AROUND 2,000 jobs could be lost in Fermanagh as a direct result of Brexit.
That was the stark reality laid bare in a report last week from the Department of the Economy which stated 40,000 jobs were at risk across the North if there is a no deal Brexit.
By that reckoning Fermanagh would lose at least 2,000 jobs and probably considerably more because of our proximity to the border and reliance on agriculture.
With the likely selection of Boris Johnston, who has vowed to leave the EU on October 31st whatever the circumstances, as prime minister a no deal scenario is becoming increasingly likely.
Given the fact a no deal Brexit will happen overnight, the Department’s report frankly states that there is nothing that can be done to prevent the harm it will wreck on the economy here as “all the changes will happen at once.” The report warns unemployment will soar, exports will plummet, businesses will fold, and there is very little can be done about it.
The report states the agri-food sector would be particularly badly hit. Over all, it stressed the consequences of the now-likely no deal Brexit will be “profound and long-lasting.”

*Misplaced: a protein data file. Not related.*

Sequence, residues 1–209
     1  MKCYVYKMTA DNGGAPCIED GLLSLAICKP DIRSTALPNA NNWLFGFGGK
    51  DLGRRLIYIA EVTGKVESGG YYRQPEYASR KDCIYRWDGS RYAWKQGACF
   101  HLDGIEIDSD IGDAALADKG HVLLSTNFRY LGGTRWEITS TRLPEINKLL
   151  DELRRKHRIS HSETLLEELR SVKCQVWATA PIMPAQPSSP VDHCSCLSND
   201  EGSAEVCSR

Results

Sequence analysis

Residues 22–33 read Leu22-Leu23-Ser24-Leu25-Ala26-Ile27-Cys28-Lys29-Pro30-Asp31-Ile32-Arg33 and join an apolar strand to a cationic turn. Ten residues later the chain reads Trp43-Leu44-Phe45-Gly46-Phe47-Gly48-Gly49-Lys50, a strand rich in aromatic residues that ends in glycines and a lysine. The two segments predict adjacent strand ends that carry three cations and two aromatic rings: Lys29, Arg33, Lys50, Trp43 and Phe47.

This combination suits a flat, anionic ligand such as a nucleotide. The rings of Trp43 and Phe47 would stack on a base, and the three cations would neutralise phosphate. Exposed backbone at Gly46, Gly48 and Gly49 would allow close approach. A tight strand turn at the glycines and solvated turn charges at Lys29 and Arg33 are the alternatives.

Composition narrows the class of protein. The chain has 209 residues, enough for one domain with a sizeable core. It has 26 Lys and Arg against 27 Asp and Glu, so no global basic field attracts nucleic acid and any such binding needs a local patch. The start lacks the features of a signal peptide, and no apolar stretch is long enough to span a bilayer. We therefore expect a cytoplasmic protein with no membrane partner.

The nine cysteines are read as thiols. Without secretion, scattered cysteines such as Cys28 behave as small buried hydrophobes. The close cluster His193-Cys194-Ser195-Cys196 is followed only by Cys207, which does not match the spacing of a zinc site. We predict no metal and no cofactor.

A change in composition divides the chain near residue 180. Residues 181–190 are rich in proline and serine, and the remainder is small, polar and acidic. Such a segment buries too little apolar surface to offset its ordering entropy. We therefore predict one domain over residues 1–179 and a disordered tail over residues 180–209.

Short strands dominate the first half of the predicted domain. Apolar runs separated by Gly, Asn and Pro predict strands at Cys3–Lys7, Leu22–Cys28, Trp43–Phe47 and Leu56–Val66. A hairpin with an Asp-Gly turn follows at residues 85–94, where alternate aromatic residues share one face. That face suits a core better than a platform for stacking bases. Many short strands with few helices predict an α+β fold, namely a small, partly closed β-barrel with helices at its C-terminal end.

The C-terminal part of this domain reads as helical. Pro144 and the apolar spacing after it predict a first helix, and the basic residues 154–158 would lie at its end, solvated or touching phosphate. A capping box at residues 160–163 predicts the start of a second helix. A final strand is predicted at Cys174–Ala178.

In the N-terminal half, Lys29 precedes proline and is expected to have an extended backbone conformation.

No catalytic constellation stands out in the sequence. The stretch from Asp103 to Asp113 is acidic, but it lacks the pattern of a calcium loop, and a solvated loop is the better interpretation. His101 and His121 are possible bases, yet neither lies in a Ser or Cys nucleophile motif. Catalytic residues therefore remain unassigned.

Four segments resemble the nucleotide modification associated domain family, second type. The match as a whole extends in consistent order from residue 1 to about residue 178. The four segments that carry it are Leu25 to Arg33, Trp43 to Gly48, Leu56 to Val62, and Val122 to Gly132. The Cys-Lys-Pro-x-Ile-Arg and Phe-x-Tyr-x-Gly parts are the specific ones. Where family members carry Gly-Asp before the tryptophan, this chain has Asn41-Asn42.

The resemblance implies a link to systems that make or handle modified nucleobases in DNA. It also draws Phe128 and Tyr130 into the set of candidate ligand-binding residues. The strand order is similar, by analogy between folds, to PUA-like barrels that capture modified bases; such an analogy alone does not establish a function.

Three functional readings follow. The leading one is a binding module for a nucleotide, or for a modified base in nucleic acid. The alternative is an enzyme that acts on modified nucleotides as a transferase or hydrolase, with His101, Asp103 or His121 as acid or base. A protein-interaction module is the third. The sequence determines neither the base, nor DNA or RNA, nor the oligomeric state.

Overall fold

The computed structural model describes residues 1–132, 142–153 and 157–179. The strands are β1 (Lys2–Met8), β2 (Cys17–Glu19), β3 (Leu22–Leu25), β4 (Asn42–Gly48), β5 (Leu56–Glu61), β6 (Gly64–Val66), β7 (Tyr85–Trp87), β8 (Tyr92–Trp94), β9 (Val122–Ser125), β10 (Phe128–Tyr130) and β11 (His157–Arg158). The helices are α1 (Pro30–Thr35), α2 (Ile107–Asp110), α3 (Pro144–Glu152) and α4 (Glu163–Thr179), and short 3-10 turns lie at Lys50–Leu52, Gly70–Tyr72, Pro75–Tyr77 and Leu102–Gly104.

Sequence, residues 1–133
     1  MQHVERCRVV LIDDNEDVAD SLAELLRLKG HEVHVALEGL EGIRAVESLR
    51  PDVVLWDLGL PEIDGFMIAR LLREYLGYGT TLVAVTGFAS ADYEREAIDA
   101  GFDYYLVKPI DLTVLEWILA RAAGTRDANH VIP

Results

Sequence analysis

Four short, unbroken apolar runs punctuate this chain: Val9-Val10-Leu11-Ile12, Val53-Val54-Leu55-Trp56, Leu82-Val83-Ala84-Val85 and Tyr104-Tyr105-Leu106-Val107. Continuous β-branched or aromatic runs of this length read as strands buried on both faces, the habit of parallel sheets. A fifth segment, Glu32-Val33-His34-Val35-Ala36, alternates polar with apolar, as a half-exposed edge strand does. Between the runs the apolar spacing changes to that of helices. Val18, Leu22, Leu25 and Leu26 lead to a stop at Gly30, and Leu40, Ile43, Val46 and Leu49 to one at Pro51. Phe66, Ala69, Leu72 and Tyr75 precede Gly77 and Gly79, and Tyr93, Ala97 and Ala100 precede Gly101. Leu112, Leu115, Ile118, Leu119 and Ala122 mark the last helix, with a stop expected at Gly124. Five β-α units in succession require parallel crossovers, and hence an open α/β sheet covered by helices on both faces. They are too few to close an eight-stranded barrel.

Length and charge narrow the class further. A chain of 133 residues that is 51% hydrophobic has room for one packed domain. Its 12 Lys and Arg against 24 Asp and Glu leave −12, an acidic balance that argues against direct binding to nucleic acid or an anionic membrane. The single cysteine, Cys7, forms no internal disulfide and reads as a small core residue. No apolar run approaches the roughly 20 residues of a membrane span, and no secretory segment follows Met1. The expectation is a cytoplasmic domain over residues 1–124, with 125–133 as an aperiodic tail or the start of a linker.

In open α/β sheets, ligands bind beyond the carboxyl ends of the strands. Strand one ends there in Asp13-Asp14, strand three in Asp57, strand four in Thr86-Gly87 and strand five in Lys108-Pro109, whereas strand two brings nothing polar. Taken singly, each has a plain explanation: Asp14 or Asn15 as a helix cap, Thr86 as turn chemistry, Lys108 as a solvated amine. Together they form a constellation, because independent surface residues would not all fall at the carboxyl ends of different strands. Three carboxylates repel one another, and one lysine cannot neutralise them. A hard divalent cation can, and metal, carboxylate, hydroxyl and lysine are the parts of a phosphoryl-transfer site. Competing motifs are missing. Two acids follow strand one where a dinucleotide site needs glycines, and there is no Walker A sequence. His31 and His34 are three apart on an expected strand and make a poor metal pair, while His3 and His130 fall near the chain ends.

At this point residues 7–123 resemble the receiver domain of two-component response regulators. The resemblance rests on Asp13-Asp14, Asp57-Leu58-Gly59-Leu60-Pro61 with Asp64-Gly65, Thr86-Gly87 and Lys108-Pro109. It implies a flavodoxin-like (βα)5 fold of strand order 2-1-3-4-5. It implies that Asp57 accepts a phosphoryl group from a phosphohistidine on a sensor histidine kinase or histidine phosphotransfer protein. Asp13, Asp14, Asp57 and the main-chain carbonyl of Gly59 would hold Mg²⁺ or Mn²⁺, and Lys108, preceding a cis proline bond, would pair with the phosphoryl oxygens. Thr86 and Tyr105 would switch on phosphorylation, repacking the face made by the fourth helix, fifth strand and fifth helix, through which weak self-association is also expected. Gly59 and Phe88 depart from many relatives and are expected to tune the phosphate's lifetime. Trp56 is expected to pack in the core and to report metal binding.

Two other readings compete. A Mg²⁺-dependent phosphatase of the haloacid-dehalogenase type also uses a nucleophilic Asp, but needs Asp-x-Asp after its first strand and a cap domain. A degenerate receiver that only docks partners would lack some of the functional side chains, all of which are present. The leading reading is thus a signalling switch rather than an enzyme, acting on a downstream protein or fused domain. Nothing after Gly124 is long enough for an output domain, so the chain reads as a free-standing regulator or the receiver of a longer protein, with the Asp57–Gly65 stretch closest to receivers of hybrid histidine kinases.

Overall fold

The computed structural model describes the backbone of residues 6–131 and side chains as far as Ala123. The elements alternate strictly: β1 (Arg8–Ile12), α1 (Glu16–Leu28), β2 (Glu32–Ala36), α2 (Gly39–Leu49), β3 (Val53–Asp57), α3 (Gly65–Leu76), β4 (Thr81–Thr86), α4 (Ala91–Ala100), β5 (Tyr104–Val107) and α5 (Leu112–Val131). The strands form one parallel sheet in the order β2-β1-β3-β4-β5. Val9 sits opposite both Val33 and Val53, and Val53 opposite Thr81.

Fermanagh farmer and Brexit campaigner John Sheridan, whose farm straddles the border said the dangers of a no deal have become greater than ever, and if it happens, it the local economy will be devastated. He said the situation will “snowball.”
There are 40,000 jobs at risk in the North, and more in the South, and already there are people relying on foodbanks and scraping to make a living,” he said. “A lot of us are going to be in the same boat.
“It may be different for people who have retired, and maybe people in the financial sector whose jobs are moveable, but for the ordinary guy depending on his job in a processing factory, haulage, farming, or any exporting business, is in big trouble. The knock-on effect, the snowball effect as more jobs go, is scary. But sure we’ve said that all the time.”
Posted: 8:11 pm July 18, 2019